Fighting the illegal wildlife trade

18 May 2022


Born Free chats to Ofir Drori, founder of the Last Great Ape Organisation, about their work to fight wildlife crime and end corruption.

A close up of Ofir Drori turning sideways with a gorilla on his back

Ofir Drori is a remarkable photo-journalist and activist, who founded LAGA in Cameroon to tackle wildlife crime and protect apes and other rare wildlife from poachers. Born Free has supported LAGA since 2004 and the model has been replicated and now operates in nine countries in central and west Africa.

Known as EAGLE – Eco Activists for Governance and Law Enforcement, the dynamic network works for wildlife law enforcement and fights corruption, infiltrating trading gangs to bring dangerous criminals such as ape-meat dealers* to justice. Thanks to EAGLE’s undercover investigations, tip offs to police, legal action and media follow-up, this innovative and award-winning organisation has helped imprison more than 1,000 major wildlife criminals.

What is your goal in your work with LAGA and EAGLE?
Our goal is bringing about effective wildlife law enforcement. Most of the countries in west and central Africa are yet to apply the wildlife law. We are here to change this.

What is it that motivates you to work with wildlife?
I loved animals from the time I was young, but what motivates me more is all of my African experience. My love for wildlife can not be separated from my love to this continent’s people. I spent years in the bush, being with wild animals as I trek through the savannahs. Watching a herd of 300 elephants from a the tent is inspiring and leaves one with a sense of humility and deep respect to nature.

Why do you consider individual animals to be important?
Future, the first baby chimp I rescued has showed me that beyond preserving a species, each individual animal is a world by itself. Being so inquisitive and expressive, it was difficult to ignore the value of his thoughts and feelings.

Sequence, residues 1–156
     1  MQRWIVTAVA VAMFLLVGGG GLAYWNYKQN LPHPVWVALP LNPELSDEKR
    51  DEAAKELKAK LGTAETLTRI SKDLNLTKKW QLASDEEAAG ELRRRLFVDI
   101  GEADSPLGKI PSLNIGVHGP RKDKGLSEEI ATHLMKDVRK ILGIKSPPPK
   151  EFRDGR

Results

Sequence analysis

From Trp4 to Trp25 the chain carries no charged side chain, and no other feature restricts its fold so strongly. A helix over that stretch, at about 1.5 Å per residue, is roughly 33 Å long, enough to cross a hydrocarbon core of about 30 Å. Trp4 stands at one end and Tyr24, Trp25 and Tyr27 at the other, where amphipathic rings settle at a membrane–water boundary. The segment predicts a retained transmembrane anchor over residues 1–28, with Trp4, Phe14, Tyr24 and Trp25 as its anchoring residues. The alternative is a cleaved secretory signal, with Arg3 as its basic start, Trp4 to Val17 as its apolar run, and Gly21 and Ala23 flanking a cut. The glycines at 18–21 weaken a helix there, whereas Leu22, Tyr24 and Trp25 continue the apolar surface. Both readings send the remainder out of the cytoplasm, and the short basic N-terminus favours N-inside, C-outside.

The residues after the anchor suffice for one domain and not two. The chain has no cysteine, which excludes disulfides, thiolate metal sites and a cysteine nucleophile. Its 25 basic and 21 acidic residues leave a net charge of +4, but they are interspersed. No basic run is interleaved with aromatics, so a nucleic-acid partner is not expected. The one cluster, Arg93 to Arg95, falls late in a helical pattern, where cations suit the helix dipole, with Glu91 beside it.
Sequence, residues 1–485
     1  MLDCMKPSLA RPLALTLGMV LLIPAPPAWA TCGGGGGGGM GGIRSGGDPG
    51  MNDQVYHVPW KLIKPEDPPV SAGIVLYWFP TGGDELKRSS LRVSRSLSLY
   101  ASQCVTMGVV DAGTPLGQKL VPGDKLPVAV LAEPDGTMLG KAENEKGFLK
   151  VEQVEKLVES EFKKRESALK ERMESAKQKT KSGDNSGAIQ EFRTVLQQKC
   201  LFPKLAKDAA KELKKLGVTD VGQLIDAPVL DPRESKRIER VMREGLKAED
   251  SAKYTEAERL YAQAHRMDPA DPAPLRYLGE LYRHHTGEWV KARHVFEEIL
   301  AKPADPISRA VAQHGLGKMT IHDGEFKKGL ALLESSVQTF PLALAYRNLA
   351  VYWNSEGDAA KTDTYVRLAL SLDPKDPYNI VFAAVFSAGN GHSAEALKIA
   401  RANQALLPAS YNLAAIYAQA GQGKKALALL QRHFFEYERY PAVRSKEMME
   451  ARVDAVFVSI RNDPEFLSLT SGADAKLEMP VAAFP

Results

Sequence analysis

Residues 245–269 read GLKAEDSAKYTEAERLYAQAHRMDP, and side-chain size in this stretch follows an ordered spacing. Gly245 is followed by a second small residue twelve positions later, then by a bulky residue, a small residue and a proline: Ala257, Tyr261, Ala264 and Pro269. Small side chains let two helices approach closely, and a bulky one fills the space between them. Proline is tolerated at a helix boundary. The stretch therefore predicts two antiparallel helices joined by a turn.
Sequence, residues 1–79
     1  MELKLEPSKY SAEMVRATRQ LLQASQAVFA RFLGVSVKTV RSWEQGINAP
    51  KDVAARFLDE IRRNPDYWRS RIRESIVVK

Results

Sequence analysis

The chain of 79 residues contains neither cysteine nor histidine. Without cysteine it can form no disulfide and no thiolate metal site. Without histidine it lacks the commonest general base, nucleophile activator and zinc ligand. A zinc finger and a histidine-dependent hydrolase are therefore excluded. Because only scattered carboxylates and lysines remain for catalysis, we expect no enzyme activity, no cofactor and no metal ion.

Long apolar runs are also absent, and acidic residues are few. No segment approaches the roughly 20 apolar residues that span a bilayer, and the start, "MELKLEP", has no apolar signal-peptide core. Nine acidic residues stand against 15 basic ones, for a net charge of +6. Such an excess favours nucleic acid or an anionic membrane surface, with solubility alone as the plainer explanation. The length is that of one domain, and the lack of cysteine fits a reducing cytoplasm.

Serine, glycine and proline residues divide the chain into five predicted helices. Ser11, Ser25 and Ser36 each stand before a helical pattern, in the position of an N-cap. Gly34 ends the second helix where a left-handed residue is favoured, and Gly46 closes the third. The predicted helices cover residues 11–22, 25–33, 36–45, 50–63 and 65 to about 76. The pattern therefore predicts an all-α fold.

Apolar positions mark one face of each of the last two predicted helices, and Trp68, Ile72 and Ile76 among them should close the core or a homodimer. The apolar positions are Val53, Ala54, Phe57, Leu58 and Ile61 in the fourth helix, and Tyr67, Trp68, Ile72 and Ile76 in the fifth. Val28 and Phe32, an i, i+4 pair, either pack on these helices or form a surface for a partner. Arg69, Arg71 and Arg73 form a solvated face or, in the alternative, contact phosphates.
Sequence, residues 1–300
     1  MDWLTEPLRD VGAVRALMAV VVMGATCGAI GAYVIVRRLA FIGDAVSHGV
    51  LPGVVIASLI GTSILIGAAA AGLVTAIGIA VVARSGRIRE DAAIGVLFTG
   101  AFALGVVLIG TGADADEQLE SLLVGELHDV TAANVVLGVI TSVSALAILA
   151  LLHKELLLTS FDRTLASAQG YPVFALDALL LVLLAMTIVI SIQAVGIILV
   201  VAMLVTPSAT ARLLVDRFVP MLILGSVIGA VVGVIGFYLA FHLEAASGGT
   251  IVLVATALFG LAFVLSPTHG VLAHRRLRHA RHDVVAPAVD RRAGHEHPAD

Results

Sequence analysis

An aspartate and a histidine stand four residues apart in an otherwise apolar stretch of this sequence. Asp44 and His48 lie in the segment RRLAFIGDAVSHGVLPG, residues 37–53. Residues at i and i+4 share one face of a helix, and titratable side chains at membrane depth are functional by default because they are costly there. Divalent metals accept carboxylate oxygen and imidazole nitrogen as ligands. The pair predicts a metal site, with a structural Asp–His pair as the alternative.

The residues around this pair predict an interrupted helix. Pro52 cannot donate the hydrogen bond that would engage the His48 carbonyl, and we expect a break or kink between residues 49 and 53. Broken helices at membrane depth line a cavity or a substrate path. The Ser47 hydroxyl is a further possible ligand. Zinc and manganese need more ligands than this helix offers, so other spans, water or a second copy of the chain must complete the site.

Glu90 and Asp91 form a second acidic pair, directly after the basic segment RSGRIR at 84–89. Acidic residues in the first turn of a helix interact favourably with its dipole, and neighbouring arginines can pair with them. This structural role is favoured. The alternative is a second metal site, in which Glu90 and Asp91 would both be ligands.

A picture of Ofir Drori crouching down

Watching a herd of 300 elephants from a the tent is inspiring and leaves one with a sense of humility and deep respect to nature.

What recent achievements are you most proud of?
We are now witnessing the replication of the LAGA model of establishing wildlife law enforcement through fighting corruption. It is beautiful to see that new countries like Congo and the Central African Republic get their first ever wildlife prosecutions, and to see the idea spreading. We are now getting more replications in Gabon, Nigeria, Chad and the Democratic Republic of Congo. 

How has Born Free’s support been important to you?
Born Free is our most loyal donor. It was one of the first to take the risk and bet on us, where all we had was a lot of passions and some new ideas. But Born Free is for us more than a donor, the dedicated Born Free team keep advising us and guiding us on crucial decisions. I recall the first year of LAGA where I was invited to visit the Born Free office. Having fought my battles in Cameroon with much resistance and very little support or recognition I was welcomed by a family that gave me the feeling I was not alone.

 Support our Apes on the Edge appeal to help protect our closest cousins… before it’s too late.

*Click here for a gallery of ape meat images but BE WARNED the photos are horrific and distressing.